There is no one-size-fits-all approach to managing your schedule. One person may be most productive if they start out with the most important tasks first and progress to low priority, simple tasks. This is a logical plan as it allows you to get the most urgent tasks out of the way first. However, some people may find that they need to ease into the day with a short, easy task in the morning before diving into bigger or more complex tasks. If you’re not a morning person, putting a high-level task first on your agenda may lead to procrastination.

Break up bigger projects into smaller tasks

Breaking up large projects into smaller pieces is a great way to reduce procrastination. It can make tasks feel less intimidating and easier to get started on. It can also help you set deadlines for yourself over the course of multiple days or weeks rather than trying to do everything last minute before the final deadline. If you are someone that waits until the last minute, this is a great time management technique to try.

List out the different steps that must be completed and set goals for completing each step. Mark these due dates on your calendar or in your scheduling or project management app.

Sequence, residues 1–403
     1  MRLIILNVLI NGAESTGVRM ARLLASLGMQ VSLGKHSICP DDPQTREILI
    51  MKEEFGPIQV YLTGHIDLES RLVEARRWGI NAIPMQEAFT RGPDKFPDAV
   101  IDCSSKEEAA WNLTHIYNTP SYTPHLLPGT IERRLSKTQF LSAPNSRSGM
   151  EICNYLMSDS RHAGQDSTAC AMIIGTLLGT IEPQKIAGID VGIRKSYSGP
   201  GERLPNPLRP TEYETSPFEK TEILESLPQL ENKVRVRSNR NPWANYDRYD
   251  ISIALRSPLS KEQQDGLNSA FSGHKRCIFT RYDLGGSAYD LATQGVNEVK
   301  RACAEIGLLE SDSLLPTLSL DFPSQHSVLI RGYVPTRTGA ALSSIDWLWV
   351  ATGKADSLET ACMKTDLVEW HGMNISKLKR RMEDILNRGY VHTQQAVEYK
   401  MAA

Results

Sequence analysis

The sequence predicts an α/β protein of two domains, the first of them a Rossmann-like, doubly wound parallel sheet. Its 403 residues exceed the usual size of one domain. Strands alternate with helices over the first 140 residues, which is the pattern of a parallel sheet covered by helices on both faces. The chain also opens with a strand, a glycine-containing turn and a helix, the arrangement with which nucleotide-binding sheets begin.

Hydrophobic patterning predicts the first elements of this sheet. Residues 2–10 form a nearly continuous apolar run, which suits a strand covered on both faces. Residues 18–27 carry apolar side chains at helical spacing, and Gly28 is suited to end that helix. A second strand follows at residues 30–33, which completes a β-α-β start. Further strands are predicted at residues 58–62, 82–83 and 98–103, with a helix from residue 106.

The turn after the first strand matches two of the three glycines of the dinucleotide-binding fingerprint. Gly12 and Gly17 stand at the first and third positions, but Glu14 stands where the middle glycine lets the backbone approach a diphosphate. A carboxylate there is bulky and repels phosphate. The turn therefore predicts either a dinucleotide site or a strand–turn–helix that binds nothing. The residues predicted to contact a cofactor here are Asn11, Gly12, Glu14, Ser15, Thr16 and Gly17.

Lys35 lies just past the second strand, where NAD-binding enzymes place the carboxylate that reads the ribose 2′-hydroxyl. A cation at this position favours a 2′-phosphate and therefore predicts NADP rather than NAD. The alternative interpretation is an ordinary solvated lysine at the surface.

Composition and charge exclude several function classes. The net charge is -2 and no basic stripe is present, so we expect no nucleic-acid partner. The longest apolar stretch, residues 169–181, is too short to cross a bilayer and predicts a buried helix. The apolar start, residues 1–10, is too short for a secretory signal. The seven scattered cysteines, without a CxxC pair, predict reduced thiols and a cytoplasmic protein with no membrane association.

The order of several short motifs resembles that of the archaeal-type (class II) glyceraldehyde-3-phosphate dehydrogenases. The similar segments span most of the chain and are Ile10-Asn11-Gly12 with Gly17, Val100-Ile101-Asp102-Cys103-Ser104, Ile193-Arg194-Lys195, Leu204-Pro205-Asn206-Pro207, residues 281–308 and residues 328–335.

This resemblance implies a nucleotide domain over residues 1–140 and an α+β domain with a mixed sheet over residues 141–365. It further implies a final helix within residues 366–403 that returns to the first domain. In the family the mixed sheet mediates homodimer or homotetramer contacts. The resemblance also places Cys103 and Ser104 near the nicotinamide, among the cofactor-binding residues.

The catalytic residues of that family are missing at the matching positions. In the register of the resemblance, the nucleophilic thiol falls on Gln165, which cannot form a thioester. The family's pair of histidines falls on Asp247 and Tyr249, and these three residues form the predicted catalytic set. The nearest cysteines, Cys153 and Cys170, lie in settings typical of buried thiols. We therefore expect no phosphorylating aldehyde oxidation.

Reduce multitasking

Multi-tasking can be great, but sometimes it is better to focus on a single task. A great way to do this is to set aside time to focus solely on one item from your to-do list. One way to do this is with the Pomodoro Technique.

The Pomodoro Technique is a popular time management technique that has been used for decades. The technique is designed to reduce distractions and multi-tasking by designating a short amount of time to one specific task and allocating time for short breaks.

To use the Pomodoro Technique, set a 25-minute timer and make as much progress on a specific task as you can before the timer goes off. Then, take a 5-minute break. Be sure to set a timer for this break so you don’t go overboard. Then start the timer again for another 25-minute Pomodoro. After four 25-minute time blocks, take a longer 15-30 minute break. Work on one task at a time. Consider setting yourself to away on Slack and shutting off notifications from your email, social media, and any other apps. Since you’re only focusing for 25 minutes at a time, you won’t have to disconnect for too long or keep anyone waiting for a response.